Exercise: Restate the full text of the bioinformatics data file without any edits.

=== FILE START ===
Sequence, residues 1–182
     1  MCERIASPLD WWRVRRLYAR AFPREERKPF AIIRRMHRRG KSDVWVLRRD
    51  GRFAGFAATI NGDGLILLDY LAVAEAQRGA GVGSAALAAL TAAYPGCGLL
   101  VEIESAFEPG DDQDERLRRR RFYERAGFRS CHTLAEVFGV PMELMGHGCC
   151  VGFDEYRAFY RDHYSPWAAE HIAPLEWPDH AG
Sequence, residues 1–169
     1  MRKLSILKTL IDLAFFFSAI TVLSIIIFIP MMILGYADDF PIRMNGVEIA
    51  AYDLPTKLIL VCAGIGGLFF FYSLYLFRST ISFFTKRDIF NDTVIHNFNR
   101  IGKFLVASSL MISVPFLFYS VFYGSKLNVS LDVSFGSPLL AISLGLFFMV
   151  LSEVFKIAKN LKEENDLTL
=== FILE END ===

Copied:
Sequence, residues 1–182
     1  MCERIASPLD WWRVRRLYAR AFPREERKPF AIIRRMHRRG KSDVWVLRRD
    51  GRFAGFAATI NGDGLILLDY LAVAEAQRGA GVGSAALAAL TAAYPGCGLL
   101  VEIESAFEPG DDQDERLRRR RFYERAGFRS CHTLAEVFGV PMELMGHGCC
   151  VGFDEYRAFY RDHYSPWAAE HIAPLEWPDH AG
Sequence, residues 1–169
     1  MRKLSILKTL IDLAFFFSAI TVLSIIIFIP MMILGYADDF PIRMNGVEIA
    51  AYDLPTKLIL VCAGIGGLFF FYSLYLFRST ISFFTKRDIF NDTVIHNFNR
   101  IGKFLVASSL MISVPFLFYS VFYGSKLNVS LDVSFGSPLL AISLGLFFMV
   151  LSEVFKIAKN LKEENDLTL